When you are given the opportunity of an hour with the CEO of the world’s largest professional network, i.e. the 313 million people who are part of the global LinkedIn network, you know it is a significant moment in your career.
Instantly my mind started racing – What did I want to know? His journey to leadership? His vision for the future? How he aligns the team to the company’s mission? Or even how he comes up with ideas for his LinkedIn posts? (The last one, which I will call the “Venn diagram,” went viral and has attracted more than 600,000 views as at September 15, 2014.) So many questions – so little time.
I was to have 20 minutes with him alone, to get to know him, before our 40 minutes together on stage in front of 450 selected guests. (As it turns out, it was literally standing room only.)
As he walked towards me, his smile greeted me first – he seemed so genuinely interested to meet me (despite his grueling traveling schedule and the 100s of people he meets each week). After initial pleasantries he started to enquire of me: how I was enjoying my experience as an Influencer and commenting on the number of followers I have – we discovered I’m currently the third most followed Influencer outside of the US. His questions kept coming, interested and curious. (I was thinking “hang on, I’m supposed to be asking the questions here!”) As I found myself trying to explain the difference between Melbourne and Sydney, and that Australia Rules Football is unique to Australia, I heard our introductions being read out on stage. I wondered if I had discovered enough…
I told myself as I walked on stage that this conversation was going to be a refreshing 40-minute journey… We settled on the stage and out came my first question – perhaps a little too hurriedly since I was keen to get the conversation started…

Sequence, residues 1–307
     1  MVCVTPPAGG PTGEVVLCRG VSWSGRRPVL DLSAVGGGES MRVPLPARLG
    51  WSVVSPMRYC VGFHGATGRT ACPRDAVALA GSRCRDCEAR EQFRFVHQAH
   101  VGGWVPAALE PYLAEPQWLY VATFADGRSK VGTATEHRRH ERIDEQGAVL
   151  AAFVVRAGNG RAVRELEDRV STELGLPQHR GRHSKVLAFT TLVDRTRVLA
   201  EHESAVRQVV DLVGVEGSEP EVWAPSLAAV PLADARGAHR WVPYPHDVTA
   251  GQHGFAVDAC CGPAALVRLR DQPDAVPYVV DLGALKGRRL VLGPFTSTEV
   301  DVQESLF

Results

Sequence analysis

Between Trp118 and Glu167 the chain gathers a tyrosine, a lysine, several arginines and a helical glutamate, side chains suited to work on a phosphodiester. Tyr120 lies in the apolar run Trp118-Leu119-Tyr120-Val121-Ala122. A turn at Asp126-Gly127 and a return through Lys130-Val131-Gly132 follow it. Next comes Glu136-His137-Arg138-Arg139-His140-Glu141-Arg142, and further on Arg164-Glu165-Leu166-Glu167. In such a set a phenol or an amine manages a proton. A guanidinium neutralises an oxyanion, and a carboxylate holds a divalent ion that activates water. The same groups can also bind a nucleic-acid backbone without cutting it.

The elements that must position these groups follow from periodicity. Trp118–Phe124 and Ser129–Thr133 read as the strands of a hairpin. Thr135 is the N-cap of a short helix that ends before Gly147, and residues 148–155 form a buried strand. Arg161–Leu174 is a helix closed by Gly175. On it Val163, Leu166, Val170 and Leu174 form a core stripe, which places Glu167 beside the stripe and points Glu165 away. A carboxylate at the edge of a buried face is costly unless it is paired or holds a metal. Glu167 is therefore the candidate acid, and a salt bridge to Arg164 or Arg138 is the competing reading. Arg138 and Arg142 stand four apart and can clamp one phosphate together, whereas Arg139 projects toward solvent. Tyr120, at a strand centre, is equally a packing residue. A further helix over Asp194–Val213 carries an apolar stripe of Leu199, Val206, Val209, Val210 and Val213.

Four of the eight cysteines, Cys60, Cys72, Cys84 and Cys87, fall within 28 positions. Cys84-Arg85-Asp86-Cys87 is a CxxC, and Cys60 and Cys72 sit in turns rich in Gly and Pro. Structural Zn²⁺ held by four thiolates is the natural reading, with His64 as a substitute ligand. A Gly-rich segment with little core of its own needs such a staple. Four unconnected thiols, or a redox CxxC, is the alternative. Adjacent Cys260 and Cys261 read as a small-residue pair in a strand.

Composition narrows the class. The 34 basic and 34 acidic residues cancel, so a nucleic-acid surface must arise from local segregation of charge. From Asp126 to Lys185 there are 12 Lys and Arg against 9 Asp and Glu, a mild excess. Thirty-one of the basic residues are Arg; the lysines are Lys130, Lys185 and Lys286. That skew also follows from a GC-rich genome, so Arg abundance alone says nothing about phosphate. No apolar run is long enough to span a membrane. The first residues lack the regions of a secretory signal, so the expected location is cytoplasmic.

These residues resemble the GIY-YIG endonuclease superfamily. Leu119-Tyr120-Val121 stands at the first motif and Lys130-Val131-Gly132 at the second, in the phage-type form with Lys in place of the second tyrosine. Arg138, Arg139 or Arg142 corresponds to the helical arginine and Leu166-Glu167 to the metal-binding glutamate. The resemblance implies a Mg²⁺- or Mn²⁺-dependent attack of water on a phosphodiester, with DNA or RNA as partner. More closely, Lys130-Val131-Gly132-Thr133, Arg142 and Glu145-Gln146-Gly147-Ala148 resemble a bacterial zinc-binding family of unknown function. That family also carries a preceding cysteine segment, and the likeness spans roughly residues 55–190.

“Where on earth did that Venn diagram Influencer post come from – did someone walk into your office one day that you just didn’t like so you began to think about who you do like working with?” I asked.
His answer was deep and thoughtful: “Nothing of the kind, in fact quite the opposite. It was inspired by a meeting with the clever, innovative people working on strategy…” He did admit he was doodling at the time – but only to emphasize his thoughts.
I was curious about his journey to leadership – he said he had never thought about being a CEO – in fact it was his father that he debated the point with…

I wanted to know about his experience working with LinkedIn’s founder Reid Hoffman, what the transition was like six years ago when he took the helm. The RedBalloon CEO, Kristie Buchanan, was in the audience – I acknowledged I was asking for selfish reasons. His answer was eloquent and succinct: he was given a clear mandate and Hoffman went travelling for many weeks and left him to it so he was the guy in the hot seat – no options.
I progressed the conversation to areas close to my heart – I knew Jeff had spoken extensively on compassionate leadership. “What does this really mean?” I enquired, and Jeff is well-quoted.
At some point I blurted out, “How do you do it all?” This is a question every woman leader seems to be asked, but this question is relevant for all busy people. Here is the leader of a massive global business, but he is also a family man. I include the clip below… his words resonated with me. It is not about work life balance – it is about harmony. It is about the choices we make moment by moment, because after all that is what our life is – a collection of choices.
Lessons learned:

  1. Great leadership is about listening, curiosity and a deep sense of compassion
  2. A clear sense of purpose, and a few well-chosen words can inspire ‘our world’ to action
  3. It is okay to be a ‘nice guy’ – have fun – and still get a lot done
  4. Make great choices, and be 100% committed to them
  5. Be truly present in the moment, no matter who you are with, and particularly if you are spending time with your family or loved ones

I completely enjoyed the experience of being on the other side of the interview couch. But then again my job was made so very easy by having such a wonderfully eloquent humble interviewee.
No wonder LinkedIn is having such success at connecting the world’s professionals – and with such big plans coming, I so appreciated my wee part in the journey.
For more insights on my interview with Jeff Weiner – see my NaomiSimson Influencer post on LinkedIn and LinkedIn blog

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